Business operations folks are in that same stage that building mobile apps was in the early 2000s. Right now the only options for biz operations are to rely heavily on engineering to build tools that are scalable and secure and enterprise ready, or to operate very manually, which is what most of them do. And as a result, the pace of innovation is only a fraction of what it can be.

So, it is my firm belief that technology should help us do more with less, and help us focus on the things that we’re good at. And so when I think about our disruption, we’re bringing that same sort of disruption to enterprise software that iOS and app stores brought to our personal lives. Our platform is an operating system for business operations. If everyone’s life at work became incredibly efficient, that would really make a long lasting impact. If the time we spent at work was significantly more focused it would impact everyone’s life, not only the bottom line for companies.

In today’s parlance, being disruptive is usually a positive adjective. But is disrupting always good? When do we say the converse, that a system or structure has ‘withstood the test of time’? Can you articulate to our readers when disrupting an industry is positive, and when disrupting an industry is ‘not so positive’? Can you share some examples of what you mean?

I believe disruption is always good — any progress or improvement you make is good, but it’s by definition changing the status quo, and there are many people that enjoy the status quo, so there’s always going to be push back. The most important question is whether the disruption ends in a net positive for society. Does adding automation leave you in a net positive situation? Are you left in the same situation and you just changed the balance of power from one company or person to another? Or as is too often the case, is the group or society as a whole is actually worse than it was?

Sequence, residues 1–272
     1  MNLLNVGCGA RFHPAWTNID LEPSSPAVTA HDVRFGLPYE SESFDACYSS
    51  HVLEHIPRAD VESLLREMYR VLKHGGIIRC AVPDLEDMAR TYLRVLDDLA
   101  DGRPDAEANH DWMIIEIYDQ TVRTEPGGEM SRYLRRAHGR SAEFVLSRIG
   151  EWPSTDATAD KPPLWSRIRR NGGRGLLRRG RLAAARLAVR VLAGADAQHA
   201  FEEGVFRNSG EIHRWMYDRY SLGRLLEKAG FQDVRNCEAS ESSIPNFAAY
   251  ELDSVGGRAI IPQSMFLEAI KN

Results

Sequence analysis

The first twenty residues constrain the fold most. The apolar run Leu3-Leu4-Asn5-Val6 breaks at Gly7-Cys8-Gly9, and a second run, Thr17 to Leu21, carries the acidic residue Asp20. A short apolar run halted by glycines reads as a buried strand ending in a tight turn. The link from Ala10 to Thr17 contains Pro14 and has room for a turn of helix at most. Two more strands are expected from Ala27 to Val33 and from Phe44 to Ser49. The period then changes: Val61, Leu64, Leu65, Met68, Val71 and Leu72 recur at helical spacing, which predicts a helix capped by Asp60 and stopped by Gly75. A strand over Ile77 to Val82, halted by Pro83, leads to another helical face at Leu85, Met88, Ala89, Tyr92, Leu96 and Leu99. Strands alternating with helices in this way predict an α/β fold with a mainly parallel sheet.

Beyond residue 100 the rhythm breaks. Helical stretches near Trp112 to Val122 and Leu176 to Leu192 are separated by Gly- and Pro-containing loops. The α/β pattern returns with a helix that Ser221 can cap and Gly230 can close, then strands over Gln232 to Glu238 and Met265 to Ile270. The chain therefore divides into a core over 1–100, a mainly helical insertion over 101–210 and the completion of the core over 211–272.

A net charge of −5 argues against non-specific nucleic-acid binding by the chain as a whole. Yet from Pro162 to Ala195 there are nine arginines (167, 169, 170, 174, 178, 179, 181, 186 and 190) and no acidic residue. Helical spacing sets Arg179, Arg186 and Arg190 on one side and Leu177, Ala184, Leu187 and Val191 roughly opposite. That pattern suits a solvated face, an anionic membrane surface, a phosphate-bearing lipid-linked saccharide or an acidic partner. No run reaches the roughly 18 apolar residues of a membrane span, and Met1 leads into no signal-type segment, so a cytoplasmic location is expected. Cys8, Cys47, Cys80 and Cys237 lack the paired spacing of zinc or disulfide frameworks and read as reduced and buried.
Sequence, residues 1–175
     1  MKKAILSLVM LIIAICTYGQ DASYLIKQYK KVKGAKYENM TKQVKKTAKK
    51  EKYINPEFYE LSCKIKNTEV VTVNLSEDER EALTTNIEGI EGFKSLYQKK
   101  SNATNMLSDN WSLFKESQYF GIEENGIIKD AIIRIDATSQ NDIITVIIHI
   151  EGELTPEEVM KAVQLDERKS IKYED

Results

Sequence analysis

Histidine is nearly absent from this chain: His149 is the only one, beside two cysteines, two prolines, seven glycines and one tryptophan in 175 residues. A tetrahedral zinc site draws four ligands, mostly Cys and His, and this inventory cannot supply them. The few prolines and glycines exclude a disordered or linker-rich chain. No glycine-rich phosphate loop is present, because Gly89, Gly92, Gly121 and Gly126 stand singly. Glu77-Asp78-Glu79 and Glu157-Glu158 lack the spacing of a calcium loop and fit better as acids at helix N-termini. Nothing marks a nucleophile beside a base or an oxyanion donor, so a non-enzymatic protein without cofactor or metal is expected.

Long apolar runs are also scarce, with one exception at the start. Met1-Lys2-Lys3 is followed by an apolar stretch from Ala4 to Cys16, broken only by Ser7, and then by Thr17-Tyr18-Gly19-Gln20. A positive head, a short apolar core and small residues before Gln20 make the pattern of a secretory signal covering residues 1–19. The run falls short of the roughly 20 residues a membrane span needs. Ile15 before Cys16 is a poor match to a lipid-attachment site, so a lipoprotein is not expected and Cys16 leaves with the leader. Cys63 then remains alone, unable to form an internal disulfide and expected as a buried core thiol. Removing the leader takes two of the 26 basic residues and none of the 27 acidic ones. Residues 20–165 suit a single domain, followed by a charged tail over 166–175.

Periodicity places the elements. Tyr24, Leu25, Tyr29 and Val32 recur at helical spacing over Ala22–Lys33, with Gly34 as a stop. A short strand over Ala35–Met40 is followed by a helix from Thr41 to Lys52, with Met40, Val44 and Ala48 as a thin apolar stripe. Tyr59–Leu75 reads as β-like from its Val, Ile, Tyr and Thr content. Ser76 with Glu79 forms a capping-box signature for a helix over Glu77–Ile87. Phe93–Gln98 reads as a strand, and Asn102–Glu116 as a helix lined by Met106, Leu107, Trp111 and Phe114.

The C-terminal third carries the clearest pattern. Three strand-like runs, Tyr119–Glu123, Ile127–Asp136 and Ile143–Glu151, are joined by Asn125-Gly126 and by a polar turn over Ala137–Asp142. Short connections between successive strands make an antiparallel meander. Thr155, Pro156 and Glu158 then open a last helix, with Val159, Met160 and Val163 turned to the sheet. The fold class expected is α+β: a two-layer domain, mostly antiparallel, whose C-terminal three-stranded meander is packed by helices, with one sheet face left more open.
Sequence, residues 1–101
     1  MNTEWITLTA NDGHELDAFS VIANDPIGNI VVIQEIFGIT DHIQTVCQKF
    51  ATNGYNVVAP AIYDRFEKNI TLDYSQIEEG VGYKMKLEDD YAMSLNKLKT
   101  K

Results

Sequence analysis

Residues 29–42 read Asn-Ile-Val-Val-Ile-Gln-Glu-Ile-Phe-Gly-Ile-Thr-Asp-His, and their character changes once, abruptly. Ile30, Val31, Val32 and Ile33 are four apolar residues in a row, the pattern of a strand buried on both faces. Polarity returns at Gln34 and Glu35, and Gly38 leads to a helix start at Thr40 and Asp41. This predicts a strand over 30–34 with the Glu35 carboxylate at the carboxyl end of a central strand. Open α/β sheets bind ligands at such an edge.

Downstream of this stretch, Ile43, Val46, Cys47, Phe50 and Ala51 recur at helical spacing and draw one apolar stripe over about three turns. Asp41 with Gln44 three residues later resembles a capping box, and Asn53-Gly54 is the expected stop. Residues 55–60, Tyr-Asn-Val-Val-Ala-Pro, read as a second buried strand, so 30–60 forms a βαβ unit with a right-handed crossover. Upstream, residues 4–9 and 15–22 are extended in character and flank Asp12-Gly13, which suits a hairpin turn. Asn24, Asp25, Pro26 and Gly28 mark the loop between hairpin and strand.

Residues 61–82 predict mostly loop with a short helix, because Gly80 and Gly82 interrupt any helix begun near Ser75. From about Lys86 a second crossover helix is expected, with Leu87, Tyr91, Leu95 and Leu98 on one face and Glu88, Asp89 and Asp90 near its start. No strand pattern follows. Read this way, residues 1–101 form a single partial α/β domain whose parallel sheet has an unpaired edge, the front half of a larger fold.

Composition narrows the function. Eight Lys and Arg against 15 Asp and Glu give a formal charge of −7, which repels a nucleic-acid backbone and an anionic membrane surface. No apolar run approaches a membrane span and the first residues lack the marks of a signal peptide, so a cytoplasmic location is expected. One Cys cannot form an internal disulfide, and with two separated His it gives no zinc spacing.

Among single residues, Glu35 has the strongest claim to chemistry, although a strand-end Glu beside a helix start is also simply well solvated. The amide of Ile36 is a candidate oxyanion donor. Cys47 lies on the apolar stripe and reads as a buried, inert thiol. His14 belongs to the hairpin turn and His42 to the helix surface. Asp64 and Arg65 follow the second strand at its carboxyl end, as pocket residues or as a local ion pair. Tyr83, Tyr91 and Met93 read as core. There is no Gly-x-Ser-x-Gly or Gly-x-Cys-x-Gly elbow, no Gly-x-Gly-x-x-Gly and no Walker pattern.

There are definitely some forms of robotic automation and AI that could lead to people losing their jobs if we’re not careful. Whether they do or not depends on the motives behind the disruption. If the sole intended goal is to use AI to reduce the workforce, then the outcome is predictably going to be people losing their jobs. Companies can spend less money and get higher ROI that way, but their employees and society end up worse off. Instead, we should be looking at AI and automation as new ways of empowering people to focus on the right things. To be sure, some of the responsibilities workers have today will change, but it doesn’t have to mean people lose their jobs. Instead, their job is going to shift into something that is actually more relevant to what they’re good at, not a mundane, repetitive process that’s easily automated. So, I’d say disruption is always good, but it’s all about how you manage it to have a positive net value.

We are sure you aren’t done. How are you going to shake things up next?

I mentioned that we’re enabling organizations to do more at work, and become incredibly efficient with their operations. But it won’t be enough to just allow Tonkean to exist as an option, where it’ll become really powerful is when we create a new standard and reshape expectations that people have for the technology they use to get work done. The position we’re in is to not only provide disruption, but to completely reshape the standard of what work means and how every major company is run.

Can you share a story about the funniest mistake you made when you were first starting? Can you tell us what lesson you learned from that?

Through my specific experience in the army, and then through leading a startup and growing the team and operations at a public company, I developed a very specific viewpoint on the gaps I saw in the industry and where I thought the future should be. When we started Tonkean, I just assumed that those gaps were obvious to everyone, so we just jumped right into the water and started building a product. A common mistake that entrepreneurs make is thinking they just need to build the product and it will instantly fix people’s problems. And that’s obviously not the case. You have to understand that where you see things will be a few steps away from where the market is, especially when you’re being disruptive. There was a fair amount of education and calibration that we had to do to align our vision with the market, and there was certainly some heartache along the way.